“Microbiology to Mountbellew” – from “Sorted” chapter 6

On the jobMicrobes

My first job was in the microbiology research department at University College Galway (later NUI Galway). We were dedicated to the manipulation of all kinds of microbes. I was working on blue-green algae to see if we could prevent them clogging up the navigation of the world’s rivers and get them to maybe grow in the sea instead to provide protein food for the future (as you may have noticed, it hasn’t worked, so far!). Others in the department worked on a wide range of similar issues – one of them was trying to get the best biological work out of lightning when it hits the ground and there are particular plants around. Although each of us had an independent project to pursue we were packed in the room like sardines, sharing quite a lot of the same equipment (queuing up for it, even!) drinking our morning coffee together and eating our lunch-time sandwiches, trying not to get them mixed up with the microbes.

I was well pleased to get this job. It gave me an opportunity to work at something I liked, to be supervised by a good researcher and to live in a part of the country where I wanted to be. And seeing your first pay cheque (or salary account transfer) makes you feel like an adult in a new way. One thing I didn’t mention at interview was my faith in Christ. It wasn’t one of the questions. I didn’t mention it once the work began either. I’ll bide my time, I told myself; I want to get on with these people, build friendships, show the quality of my life and integrity in my work and then the day will come when I can ask them, “Bet you’re wondering why I’m such a nice guy?” That day never came. But one morning did arrive months later, at coffee time, when Jimmy, the life and soul of the office said, “We’ve been talking about you. You’re different. We have no idea why and we intend to find out. We have therefore decided to invite ourselves over to your flat on Tuesday for a bit of a social evening so all can be revealed!” You might think I’d be pleased but part of me was mortified. How come they couldn’t identify my different-ness as having something to do with following Jesus? One simple reason: I hadn’t told them. They had no basic information to go on. Now I was scrambling to catch up with them, trying to explain on the one hand why Christ meant so much to me and on the other hand why it had taken me so long to get around to saying so. I can happily report that they were very generous and we got it straightened out. But right there on that evening I determined that the start of my next job was going to be different. Proverbs says, “Fear of man will prove to be a snare”[1] and I had been well and truly caught in one.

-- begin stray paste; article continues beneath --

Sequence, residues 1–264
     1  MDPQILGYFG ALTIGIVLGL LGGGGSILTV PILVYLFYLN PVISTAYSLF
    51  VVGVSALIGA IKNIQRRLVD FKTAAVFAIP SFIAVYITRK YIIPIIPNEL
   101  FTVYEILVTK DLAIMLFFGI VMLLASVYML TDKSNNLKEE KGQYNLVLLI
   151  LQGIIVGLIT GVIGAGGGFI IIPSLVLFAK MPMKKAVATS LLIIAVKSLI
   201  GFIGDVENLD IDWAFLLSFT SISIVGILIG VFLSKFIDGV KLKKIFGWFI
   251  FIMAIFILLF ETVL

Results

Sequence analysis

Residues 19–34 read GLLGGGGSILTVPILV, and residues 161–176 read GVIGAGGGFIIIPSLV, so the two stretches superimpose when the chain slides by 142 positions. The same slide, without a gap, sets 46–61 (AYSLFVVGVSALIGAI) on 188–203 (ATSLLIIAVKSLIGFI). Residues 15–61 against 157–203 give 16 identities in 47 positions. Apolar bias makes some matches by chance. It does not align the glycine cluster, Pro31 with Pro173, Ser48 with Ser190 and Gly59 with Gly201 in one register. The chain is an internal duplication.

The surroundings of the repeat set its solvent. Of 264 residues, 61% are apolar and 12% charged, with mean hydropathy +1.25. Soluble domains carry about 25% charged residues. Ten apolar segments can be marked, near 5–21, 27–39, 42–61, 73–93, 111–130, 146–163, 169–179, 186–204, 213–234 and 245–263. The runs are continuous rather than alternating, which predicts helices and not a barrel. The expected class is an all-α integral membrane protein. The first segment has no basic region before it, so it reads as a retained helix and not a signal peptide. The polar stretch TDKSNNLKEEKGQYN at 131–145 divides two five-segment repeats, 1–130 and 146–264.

Try again

After teaching part-time for a while I went for an interview for that next job, which was to teach science at the Holy Rosary College in Mountbellew, County Galway. This time I found a way to get my faith into the interview and indeed I couldn’t even offer to start on the day they wanted because I had an outstanding arrangement to help with a training conference in faith-sharing. I got the job and was introduced to that great vortex of the education system – the staff room. There I met 13 other staff and, remembering the microbe research staff horror, I took the occasions, as they presented themselves, to let my new friends know that I followed Christ, over the subsequent weeks. It was done in a low-key way, but if they saw any integrity in my work and quality in my life during my time in that school they now knew what to connect it to. Getting it clear at the beginning meant we could all relax. Opportunities for individual chats began to arise, sometimes initiated by them, sometimes by me, until each one had the chance to put together the pieces of the gospel story (we’re talking about many months here). At the head teacher’s encouragement I went on to talk with students about personal faith in Christ. The response of the teachers, students and the head teacher varied widely but they all got to understand the basics of coming to know God in a personal way. In the end it proved to be some of the students who chose to keep faith with Christ when they went on to UCG where their faith was tested and proved true. I always knew when a former Mountbellew student greeted me in Galway – they were the only people who called me “Mr. Wilson”!

[1] Proverbs 29:25

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